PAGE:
A research paper co-authored by five UoA faculty members and one UoA master's student affiliated with the Aizu Center for Space and Informatics (ARC-Space(※1)) was published in the digital edition of the world-renowned British academic journal Nature(※2) on Monday, March 16, 2020.  This paper summarizes research achievement such as the capturing of a full rotation's worth of high-resolution thermal images of the asteroid Ryugu by Hayabusa 2, a world first, and discovering that the surface consists of porous boulders and fragments.

This is the first time a research paper co-authored by a UoA student has been published in Nature. The student, SUKO Kentaro, a second-year master's student supervised by Professor Demura, was in charge of the development and operation of the HEAT software for calibration and temperature conversion for the Thermal InfraRed Imager (TIR), as well as temperature calibration and conversion based on the ground test data.

In addition to participating in the Hayabusa 2 project, ARC-Space faculty members and students also developed and provided the HEAT software and systems such as the 3D geographical information system for asteroids (AiGIS)(※3).

■Title Highly porous nature of a primitive asteroid revealed by thermal imaging

■ Lead Author:  Mr. OKADA Tatsuaki (Associate Professor of JAXA Institute of Space and Astronautical Science)(※4)

UoA Co-authors:

DEMURA Hirohide (Professor and Director of Aizu Center for Space and Informatics)

OGAWA Yoshiko (Senior Associate Professor)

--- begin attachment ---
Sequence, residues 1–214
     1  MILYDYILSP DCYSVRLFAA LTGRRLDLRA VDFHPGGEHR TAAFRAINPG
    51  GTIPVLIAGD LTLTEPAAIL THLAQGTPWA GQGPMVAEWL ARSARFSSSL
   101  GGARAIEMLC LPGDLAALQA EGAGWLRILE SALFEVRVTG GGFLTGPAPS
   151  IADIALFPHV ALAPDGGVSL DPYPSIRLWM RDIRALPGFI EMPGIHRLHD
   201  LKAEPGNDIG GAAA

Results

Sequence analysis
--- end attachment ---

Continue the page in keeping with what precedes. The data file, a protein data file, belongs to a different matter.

SUKO Kentaro (2nd-year master's student)

HIRATA Naru (Senior Associate Professor)

KITAZATO Kohei (Associate Professor)

HONDA Chikatoshi (Associate Professor)

SUKO Kentaro

<Comments from SUKO Kentaro>
I am proud of having been able to participate in the Hayabusa 2 project through my master's research.
Sharing this experience with Professor Demura, the other faculty members in his group, and the rest of the project members is something I will always remember.
I would like to express my gratitude to all of them.

<Comments from Center Director DEMURA>
I am deeply moved to have one of my students as a co-author on a world-class paper. There have always been students involved in the development as a relay runner hands over their button to the next runner. As an anchor to those past students, he did a great job by making a direct contribution to the Hayabusa 2 project.
I believe that having made research achievement like this through the participation of Hayabusa 2 project by our student and faculty members affiliated with the center proved that we have played a key role in the research to explore the origin of the solar system. I also believe that it will be connected to the future activities of the Center for Lunar and Planetary Exploration Archive Science.

 *What is Archive Science?
Lunar and Planetary Exploration Archive Science is a type of research to explore the origin and evolution of the Moon and planets by utilizing the data obtained and accumulated through past lunar and planetary exploration and observational research and combining it with the latest knowledge and analysis techniques.